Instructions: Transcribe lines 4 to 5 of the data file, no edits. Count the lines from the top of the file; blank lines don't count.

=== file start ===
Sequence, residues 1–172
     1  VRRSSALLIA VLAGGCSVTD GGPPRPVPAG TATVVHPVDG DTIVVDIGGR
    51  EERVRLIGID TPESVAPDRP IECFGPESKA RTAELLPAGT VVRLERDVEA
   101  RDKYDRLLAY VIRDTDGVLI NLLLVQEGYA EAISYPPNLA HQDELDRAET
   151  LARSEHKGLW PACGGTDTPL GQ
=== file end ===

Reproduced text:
   101  RDKYDRLLAY VIRDTDGVLI NLLLVQEGYA EAISYPPNLA HQDELDRAET
   151  LARSEHKGLW PACGGTDTPL GQ